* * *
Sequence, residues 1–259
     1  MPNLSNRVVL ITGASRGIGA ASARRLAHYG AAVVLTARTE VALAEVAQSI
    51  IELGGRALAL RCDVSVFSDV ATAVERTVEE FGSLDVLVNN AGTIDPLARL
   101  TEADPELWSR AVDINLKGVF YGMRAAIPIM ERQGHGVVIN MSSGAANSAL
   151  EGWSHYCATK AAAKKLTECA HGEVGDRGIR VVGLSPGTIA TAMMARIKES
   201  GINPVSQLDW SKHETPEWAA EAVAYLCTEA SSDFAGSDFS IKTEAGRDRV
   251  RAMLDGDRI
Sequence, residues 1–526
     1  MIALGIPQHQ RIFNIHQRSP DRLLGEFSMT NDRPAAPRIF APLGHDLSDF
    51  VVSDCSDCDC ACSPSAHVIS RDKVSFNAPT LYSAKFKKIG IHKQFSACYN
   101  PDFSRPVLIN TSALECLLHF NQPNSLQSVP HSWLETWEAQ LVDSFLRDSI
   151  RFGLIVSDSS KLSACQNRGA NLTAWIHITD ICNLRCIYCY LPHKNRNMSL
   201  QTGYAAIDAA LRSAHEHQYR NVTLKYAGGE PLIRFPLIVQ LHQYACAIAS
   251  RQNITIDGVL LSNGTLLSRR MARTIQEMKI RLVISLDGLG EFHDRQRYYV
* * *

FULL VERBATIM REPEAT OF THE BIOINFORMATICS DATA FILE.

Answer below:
Sequence, residues 1–259
     1  MPNLSNRVVL ITGASRGIGA ASARRLAHYG AAVVLTARTE VALAEVAQSI
    51  IELGGRALAL RCDVSVFSDV ATAVERTVEE FGSLDVLVNN AGTIDPLARL
   101  TEADPELWSR AVDINLKGVF YGMRAAIPIM ERQGHGVVIN MSSGAANSAL
   151  EGWSHYCATK AAAKKLTECA HGEVGDRGIR VVGLSPGTIA TAMMARIKES
   201  GINPVSQLDW SKHETPEWAA EAVAYLCTEA SSDFAGSDFS IKTEAGRDRV
   251  RAMLDGDRI
Sequence, residues 1–526
     1  MIALGIPQHQ RIFNIHQRSP DRLLGEFSMT NDRPAAPRIF APLGHDLSDF
    51  VVSDCSDCDC ACSPSAHVIS RDKVSFNAPT LYSAKFKKIG IHKQFSACYN
   101  PDFSRPVLIN TSALECLLHF NQPNSLQSVP HSWLETWEAQ LVDSFLRDSI
   151  RFGLIVSDSS KLSACQNRGA NLTAWIHITD ICNLRCIYCY LPHKNRNMSL
   201  QTGYAAIDAA LRSAHEHQYR NVTLKYAGGE PLIRFPLIVQ LHQYACAIAS
   251  RQNITIDGVL LSNGTLLSRR MARTIQEMKI RLVISLDGLG EFHDRQRYYV